On December 21, 2005,  I appeared on the Barbie episode of the Discovery Channel's Pop Nation: America's Coolest Stuff  TV Show to talk about America's favorite doll. The show's producers also asked me to be in the  segments about Pez and Crayola Crayons because I wrote about them in From ABBA To Zoom

​​​​​​Behold The Valley of the Dolls

A Barbie History in Portraits​​

Order your copy of David's From ABBA to Zoom by clicking on the image. 

"On a steamy Saturday afternoon, we dropped by David's Mid-Century Kansas City home for a visit....perfectly nice and normal....nothing overly mind blowing until we walked down the hall to a closed door. 'I'll let you open it,' David offered, and here's what I saw..."

     In June 2010, Stan Williams, a writer, editor and blogger (Elegant Thrifter) from NYC was visiting KC, and upon the suggestion of mutual friends contacted me about seeing the "Toy Room." Stan came with camera in hand and took photos for a blog story, titled "Fabulous & Frugal Fun: A Toy Story." 

"Just take in this gorgeous sea of Barbies and Kens from over the years dressed in dreamy, fashion-plate finery."

(Photographs courtesy of Stan Williams.)

     Although I had been avidly collecting Barbie since 1987, it wasn't until around 1992 I began receiving coverage as a collector by the local media, most notably The Kansas City Star newspaper. In September 1992, the newspaper asked me to help with a "Barbie for President" makeover, titled "Blonde Ambition." The premise was if Barbie was running for President of the United States, voters wouldn't take her serious with all that blonde fluff. This was an ideal project for me, a Barbie-collecting hairdresser! I colored Barbie's blonde hair to brunette and cut her fluffy long locks into a chic short bob style. She was redressed into a classic black-and-white houndstooth dress suit, accessorized by a pearl necklace. This Barbie makeover was popular with readers, who voted her very Presidential!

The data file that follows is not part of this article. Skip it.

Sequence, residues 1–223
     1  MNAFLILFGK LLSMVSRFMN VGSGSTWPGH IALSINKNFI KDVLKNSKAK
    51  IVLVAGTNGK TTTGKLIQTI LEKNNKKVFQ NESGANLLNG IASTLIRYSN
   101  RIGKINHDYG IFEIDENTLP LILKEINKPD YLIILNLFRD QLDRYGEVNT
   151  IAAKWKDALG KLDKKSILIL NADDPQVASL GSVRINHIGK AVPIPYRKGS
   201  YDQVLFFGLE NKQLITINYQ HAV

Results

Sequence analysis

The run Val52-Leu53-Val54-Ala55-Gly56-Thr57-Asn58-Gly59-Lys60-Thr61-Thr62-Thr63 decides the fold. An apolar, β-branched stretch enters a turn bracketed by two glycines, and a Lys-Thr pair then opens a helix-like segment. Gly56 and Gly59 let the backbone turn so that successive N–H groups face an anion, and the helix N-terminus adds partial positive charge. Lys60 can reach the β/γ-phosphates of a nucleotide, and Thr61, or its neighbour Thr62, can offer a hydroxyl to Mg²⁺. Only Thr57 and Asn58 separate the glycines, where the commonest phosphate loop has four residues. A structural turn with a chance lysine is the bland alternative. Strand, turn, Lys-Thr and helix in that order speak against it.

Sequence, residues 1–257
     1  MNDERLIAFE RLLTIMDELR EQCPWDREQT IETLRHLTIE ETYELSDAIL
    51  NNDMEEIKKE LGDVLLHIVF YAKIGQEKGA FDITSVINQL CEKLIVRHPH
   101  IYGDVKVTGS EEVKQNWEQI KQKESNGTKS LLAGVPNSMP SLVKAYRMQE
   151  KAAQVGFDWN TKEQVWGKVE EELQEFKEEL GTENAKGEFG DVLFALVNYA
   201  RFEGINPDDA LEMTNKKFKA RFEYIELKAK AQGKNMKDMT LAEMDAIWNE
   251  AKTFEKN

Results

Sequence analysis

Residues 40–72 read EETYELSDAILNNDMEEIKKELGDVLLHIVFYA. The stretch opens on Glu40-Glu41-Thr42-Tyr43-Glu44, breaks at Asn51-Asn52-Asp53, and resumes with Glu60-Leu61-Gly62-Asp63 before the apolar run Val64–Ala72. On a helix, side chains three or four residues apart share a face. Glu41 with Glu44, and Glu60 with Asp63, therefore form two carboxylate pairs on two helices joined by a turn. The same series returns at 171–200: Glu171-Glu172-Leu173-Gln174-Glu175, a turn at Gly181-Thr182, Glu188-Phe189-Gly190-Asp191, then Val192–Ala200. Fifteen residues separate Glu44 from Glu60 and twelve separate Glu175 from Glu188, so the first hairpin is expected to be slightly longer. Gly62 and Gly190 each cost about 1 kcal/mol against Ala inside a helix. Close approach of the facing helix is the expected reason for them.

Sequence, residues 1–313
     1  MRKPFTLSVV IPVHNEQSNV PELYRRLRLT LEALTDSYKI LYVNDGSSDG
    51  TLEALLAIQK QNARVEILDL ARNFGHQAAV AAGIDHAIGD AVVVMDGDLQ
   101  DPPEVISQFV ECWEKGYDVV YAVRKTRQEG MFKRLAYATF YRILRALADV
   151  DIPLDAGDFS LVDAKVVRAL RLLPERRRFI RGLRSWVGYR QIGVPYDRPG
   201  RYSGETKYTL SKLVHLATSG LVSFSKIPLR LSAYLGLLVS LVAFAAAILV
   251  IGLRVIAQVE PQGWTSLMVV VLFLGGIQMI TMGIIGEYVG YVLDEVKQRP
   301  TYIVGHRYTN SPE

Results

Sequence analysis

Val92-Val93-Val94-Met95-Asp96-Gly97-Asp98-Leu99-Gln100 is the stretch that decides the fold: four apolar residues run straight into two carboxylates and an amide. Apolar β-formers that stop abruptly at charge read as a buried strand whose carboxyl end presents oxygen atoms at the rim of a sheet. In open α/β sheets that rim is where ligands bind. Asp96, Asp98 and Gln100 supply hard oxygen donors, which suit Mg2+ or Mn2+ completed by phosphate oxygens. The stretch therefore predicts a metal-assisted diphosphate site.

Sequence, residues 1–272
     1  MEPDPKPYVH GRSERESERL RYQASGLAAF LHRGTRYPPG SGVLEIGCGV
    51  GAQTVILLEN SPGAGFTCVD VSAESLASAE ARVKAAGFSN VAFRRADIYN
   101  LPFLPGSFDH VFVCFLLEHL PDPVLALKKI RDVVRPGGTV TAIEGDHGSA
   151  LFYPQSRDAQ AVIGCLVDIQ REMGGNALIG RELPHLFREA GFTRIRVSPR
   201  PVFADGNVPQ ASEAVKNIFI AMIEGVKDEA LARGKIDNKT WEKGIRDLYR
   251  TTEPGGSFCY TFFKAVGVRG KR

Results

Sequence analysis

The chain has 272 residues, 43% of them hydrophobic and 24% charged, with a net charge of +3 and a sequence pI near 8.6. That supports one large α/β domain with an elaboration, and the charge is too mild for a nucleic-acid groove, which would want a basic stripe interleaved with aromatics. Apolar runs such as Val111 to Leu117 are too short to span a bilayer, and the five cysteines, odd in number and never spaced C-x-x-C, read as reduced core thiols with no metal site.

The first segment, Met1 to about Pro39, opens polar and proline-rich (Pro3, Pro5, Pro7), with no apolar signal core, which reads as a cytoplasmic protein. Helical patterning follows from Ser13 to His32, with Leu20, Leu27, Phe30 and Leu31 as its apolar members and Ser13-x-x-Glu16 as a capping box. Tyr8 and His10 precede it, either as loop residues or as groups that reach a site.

"I wanted From ABBA to Zoom to cover not only the obvious pop culture icons, but tackle the obscure and seemingly forgotten ones as well. In my broad research, I left no stone unturned."
~ David Mansour

Appearing on KMBC-TV morning news show in Kansas City in June 2005.  Take note that I always brought a Barbie and Ken when I discussed From ABBA To Zoom, pop culture and toy collecting.  I thought of them as my mascots. 

Christmas Eve 2010: Me, in the "Toy Room." That's the "Barbie Island" on the front-right of me. 

     To promotion of From ABBA To Zoom I gave numerous interviews with magazines and newspapers, including USA Today, and was featured as a guest on numerous talk radio programs across the USA and Canada. I traveled for book signings at national bookstore chains and independent booksellers and performed at speaking events, always bringing a display of toys to discuss, including a Barbie and Ken. 

I was featured on TV shows, from local morning news spots to national coverage, most notably CNBC’s Squawk Talk (in a home interview among my toy collection) and the Discovery Channel's Pop Nation TV show, in which I talked about the history of Barbie (this segment aired on Christmas Day 2005).